Secure Data Recovery is one of the companies Western Digital recgonizes when processing warranty claims. Basically, if you don't want WD to deny a warranty claim....use one of the four WD mentions on the website.
 
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fzabkar

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Jun 14, 2013
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Secure Data Recovery is one of the companies Western Digital recgonizes when processing warranty claims. Basically, if you don't want WD to deny a warranty claim....use one of the four WD mentions on the website.

Those companies are way overpriced. There are far better alternatives for far less money.

As for warranty, why would you care if you save $100 on a warranty replacement HDD if you are paying $1000 extra for the data recovery?
 

Torn Mind

Lifer
Nov 25, 2012
10,903
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Those companies are way overpriced. There are far better alternatives for far less money.

As for warranty, why would you care if you save $100 on a warranty replacement HDD if you are paying $1000 extra for the data recovery?
Disk Doctors acted real weird when I sent in my enterprise drive to them. They didn't do things promptly at all and I suspect the either raided the good parts or were using it.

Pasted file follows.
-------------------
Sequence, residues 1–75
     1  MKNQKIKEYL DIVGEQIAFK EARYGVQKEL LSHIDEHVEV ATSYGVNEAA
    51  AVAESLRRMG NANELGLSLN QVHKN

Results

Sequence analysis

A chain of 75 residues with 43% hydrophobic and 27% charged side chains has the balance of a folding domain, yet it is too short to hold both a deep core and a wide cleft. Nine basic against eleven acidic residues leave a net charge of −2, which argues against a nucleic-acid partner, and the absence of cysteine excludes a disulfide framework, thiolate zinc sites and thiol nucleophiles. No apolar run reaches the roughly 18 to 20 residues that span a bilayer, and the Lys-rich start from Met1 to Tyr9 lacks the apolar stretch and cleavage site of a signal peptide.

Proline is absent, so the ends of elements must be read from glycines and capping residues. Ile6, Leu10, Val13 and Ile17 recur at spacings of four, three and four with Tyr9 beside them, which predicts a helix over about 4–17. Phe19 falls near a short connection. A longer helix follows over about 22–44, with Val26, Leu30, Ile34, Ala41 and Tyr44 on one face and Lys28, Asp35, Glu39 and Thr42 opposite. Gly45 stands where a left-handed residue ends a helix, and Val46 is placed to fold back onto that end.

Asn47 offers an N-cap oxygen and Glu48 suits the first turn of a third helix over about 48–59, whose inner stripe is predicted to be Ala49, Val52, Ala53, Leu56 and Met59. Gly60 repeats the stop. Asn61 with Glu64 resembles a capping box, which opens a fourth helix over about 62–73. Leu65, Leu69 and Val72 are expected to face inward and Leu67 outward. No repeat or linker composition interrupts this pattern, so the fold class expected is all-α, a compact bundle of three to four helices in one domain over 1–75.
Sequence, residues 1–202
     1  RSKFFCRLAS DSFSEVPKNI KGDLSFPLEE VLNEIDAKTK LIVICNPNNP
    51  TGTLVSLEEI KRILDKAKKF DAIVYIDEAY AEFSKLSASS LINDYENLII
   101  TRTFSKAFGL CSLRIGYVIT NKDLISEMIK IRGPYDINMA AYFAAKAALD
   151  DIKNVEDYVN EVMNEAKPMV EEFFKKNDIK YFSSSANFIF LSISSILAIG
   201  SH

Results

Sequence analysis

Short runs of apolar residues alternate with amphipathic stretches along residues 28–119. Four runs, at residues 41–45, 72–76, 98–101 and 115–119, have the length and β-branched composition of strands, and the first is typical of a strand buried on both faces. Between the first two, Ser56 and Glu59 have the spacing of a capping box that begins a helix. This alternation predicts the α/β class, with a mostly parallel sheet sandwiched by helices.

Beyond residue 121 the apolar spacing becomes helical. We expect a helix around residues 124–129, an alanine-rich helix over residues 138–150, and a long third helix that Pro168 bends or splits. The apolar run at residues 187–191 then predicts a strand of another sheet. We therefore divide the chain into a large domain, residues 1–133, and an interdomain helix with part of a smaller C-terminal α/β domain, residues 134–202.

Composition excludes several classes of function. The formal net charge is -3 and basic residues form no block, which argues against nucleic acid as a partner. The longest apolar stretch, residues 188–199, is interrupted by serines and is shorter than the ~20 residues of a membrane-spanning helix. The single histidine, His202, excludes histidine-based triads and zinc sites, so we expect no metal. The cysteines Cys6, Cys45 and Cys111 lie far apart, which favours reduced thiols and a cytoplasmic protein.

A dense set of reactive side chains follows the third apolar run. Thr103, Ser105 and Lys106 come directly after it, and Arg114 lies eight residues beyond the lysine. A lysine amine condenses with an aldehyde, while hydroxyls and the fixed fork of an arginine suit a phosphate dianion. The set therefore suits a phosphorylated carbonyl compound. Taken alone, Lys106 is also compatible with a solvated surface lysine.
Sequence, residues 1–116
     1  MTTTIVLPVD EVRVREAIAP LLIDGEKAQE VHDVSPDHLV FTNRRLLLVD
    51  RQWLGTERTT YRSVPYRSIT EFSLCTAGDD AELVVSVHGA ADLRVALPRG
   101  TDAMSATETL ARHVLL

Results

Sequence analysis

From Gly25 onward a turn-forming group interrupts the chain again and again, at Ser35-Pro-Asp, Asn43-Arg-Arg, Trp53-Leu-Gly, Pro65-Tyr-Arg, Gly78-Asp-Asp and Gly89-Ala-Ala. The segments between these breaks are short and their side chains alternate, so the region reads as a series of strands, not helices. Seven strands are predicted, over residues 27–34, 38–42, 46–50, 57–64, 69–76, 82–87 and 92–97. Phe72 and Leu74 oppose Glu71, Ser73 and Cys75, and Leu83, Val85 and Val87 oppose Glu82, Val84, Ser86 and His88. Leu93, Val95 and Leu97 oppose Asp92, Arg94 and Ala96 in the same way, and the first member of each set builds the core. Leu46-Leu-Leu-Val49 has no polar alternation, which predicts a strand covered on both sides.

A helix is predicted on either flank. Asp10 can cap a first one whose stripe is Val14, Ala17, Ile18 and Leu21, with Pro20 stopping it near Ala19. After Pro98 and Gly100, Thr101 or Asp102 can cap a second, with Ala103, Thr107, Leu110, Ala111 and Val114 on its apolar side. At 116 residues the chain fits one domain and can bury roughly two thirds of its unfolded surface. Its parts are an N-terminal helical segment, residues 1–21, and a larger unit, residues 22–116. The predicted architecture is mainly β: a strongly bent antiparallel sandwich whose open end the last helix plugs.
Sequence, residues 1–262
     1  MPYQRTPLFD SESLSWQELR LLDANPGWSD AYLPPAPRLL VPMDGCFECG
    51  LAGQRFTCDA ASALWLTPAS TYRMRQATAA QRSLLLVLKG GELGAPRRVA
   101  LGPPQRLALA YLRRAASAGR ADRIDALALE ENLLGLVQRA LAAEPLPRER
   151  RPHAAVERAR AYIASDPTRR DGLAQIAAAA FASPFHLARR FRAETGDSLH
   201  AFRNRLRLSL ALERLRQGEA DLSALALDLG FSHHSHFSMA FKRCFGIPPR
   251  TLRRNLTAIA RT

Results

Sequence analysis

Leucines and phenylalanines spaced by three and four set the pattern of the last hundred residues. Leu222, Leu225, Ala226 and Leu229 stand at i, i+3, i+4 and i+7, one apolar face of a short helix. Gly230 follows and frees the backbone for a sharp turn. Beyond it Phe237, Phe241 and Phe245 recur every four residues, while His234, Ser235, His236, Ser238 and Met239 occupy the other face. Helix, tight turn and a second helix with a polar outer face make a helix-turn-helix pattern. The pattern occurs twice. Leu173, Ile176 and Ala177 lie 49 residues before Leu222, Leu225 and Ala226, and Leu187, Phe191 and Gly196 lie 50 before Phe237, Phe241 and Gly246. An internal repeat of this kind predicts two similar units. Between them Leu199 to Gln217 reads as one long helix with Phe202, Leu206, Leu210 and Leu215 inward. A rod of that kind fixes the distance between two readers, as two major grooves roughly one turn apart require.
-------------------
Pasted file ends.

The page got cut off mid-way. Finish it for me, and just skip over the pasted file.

I sent in my drive to Secure Data Recovery, they couldn't make an image and sent it back, I didn't have to pay beyond the shipping label to send it to them.

I used datarecovery.com to get a different drive recovered. ~$900 for recovery of non-deleted files and a $400 add on for those files that were deleted.
 
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Torn Mind

Lifer
Nov 25, 2012
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I hope the files were worth half what you paid to recover them.
I had surveillance video of someone doing misconduct. This drive was taken out of a security DVR system(Night Owl) and used for a different, lighter purpose(less writing, but I was lazy and didn't power it off, so it basically ran 24/7 still). Still went kaput.